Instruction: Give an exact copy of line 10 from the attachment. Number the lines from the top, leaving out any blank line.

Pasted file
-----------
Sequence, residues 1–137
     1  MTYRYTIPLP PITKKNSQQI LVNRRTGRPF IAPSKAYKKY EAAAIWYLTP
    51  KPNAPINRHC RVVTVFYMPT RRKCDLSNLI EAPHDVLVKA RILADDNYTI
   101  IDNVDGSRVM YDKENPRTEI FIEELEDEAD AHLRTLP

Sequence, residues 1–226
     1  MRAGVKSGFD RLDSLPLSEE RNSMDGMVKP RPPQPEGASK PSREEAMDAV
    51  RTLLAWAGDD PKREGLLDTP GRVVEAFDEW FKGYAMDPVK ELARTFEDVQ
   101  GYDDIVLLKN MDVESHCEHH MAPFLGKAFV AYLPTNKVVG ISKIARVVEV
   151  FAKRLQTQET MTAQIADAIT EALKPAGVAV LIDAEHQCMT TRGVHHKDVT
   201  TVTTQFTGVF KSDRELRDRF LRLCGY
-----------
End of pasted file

   201  TVTTQFTGVF KSDRELRDRF LRLCGY